Various Artists - The Vampire Diaries - Original Television Soundtrack

Vampires, eh? I'm surprised a toothy, tortured creature of the night wasn't shoehorned into the latest Harry Potter film just to jump on the zeitgeist. They're everywhere lately, thanks to the Twilight films going for the jugular and conquering the cinema in the process. I don't know about you, but it's getting to the point where I'd quite like Buffy to come out of hiding and turn all these bequiffed, mopey heartthrobs into a big pile of dust. However, aside from kickstarting many a young girl's daydream, Twilight has undoubtedly shaped the way soundtracks are consumed and how many people are introduced to new music. Sexy TV show True Blood has fangbangers everywhere getting down and dirty to swampy blues rock, and now teen hit The Vampire Diaries has a new mix of cuts for the emo gossip girls to stalk Rob Pattinson to.

The show's core audience of young women, lulled to the screen by the presence of feisty heroine Elena and brooding bloodsucking brothers Stefan and Damon (hello inevitable love triangle), will no doubt be satisfied by a soundtrack that is faithful to the spirit of the show. I couldn't make it past a few episodes, my patience for yet another fangy franchise waning, yet the music stood out. Like Twilight, the music supervisors on the show aren't afraid to go for the tastemaker's choice and so there are plenty of tracks here that non-fans of the series can sample and enjoy. Two generations of acclaimed American grunge bands, Silversun Pickups and Smashing Pumpkins, take a bite out of the tracklist, while spruced-up versions of familiar songs from our own shores' Bat for Lashes and Gorillaz continue the cred factor. A new track from much-hyped Essex band Morning Parade is included and an appropriately 'vampy' turn from Goldfrapp entitled 'We Radiate' continues the 80s electro-pop vein of Head First but betters some of that album's tracks.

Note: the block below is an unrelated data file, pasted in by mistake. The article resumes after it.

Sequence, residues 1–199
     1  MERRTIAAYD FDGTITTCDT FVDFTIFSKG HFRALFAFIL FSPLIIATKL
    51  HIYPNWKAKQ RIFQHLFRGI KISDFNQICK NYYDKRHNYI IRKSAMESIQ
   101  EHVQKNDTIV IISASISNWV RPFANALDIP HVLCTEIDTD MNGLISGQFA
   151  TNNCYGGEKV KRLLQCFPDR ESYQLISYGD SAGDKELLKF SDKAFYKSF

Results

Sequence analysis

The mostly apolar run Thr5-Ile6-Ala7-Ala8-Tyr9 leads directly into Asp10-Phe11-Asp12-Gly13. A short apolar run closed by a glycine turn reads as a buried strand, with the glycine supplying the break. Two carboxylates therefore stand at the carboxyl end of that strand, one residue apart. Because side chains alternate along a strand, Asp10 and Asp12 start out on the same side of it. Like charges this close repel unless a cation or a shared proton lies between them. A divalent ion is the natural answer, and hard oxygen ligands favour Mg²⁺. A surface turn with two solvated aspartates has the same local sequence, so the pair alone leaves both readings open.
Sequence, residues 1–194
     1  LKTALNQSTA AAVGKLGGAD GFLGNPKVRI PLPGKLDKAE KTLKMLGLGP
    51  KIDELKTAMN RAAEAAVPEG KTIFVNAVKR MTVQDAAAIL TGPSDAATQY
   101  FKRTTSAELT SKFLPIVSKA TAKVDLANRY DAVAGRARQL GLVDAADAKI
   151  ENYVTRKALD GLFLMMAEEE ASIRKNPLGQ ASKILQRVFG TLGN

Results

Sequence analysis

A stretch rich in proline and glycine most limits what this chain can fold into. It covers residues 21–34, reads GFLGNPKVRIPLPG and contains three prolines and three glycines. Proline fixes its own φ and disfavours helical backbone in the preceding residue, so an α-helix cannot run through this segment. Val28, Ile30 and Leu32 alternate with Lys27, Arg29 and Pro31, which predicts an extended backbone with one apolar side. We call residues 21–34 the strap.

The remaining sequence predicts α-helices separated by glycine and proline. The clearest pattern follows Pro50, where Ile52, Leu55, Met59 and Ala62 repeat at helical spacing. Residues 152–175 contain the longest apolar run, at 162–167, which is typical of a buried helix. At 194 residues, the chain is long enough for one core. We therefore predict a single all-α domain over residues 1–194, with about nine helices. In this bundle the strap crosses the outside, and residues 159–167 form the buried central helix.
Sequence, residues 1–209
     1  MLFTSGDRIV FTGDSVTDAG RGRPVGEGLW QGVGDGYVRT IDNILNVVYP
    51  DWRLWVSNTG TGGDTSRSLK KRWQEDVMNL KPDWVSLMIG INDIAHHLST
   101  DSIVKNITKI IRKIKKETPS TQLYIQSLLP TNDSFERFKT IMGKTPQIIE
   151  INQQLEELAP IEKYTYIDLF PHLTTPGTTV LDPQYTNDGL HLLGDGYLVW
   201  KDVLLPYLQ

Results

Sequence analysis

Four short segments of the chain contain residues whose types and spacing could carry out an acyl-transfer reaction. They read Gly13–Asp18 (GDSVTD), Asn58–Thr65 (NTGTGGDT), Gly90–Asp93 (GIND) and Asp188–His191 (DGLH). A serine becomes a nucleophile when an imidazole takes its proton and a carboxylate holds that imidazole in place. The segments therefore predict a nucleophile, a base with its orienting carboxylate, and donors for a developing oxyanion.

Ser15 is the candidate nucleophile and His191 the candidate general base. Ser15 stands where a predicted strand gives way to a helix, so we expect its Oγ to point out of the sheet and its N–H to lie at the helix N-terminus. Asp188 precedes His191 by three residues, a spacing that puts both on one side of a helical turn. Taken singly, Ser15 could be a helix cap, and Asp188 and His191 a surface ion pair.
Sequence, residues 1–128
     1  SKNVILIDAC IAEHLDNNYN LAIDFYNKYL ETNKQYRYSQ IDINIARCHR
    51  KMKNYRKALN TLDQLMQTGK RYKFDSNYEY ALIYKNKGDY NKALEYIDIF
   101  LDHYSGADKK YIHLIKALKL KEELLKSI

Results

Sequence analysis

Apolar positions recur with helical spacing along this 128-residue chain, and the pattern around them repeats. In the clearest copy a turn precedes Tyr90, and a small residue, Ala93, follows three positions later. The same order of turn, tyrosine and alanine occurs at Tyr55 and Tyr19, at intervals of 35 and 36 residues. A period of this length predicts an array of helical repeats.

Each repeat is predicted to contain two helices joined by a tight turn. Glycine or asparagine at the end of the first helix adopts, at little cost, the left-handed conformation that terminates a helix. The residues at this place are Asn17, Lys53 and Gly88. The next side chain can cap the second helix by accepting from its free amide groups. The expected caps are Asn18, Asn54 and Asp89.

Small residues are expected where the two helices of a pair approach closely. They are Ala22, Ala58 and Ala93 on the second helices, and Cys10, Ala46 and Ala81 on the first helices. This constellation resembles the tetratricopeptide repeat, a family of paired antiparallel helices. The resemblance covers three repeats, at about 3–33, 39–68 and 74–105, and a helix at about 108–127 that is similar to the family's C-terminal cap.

Unfortunately, this first soundtrack (as there will surely be more in the offing) suffers from a definite mid-section lull dedicated to the kind of fraught MOR ballads tailor-made to accompany angsty scenes of teenage - or eternal, whatever - heartbreak. A couple of fine ballads do stand out, the understated 'Bloodstream' from Stateless and a cover of Tears for Fears' 'Head Over Heels' from Digital Daggers included. This volume's crowning moment comes courtesy of another cover, albeit one that's been knocking around for a while now; Placebo's moody, chilling take on Kate Bush's 'Running Up that Hill' is still powerful and the perfect gothic-inspired addition. Bookending the whole venture are two functional pieces of incidental music from show composer Michael Suby.

So, the standard of featured acts isn't quite up there with the Twilight series just yet but it's worth remembering the first film had the weakest soundtrack of the lot. For a TV show soundtrack, this represents a pretty good cross-section of genres and talent and almost makes me want to give the show another chance to see what tunes are featured next week. I'll be whittling stakes instead, though.

Overall

6

out of 10

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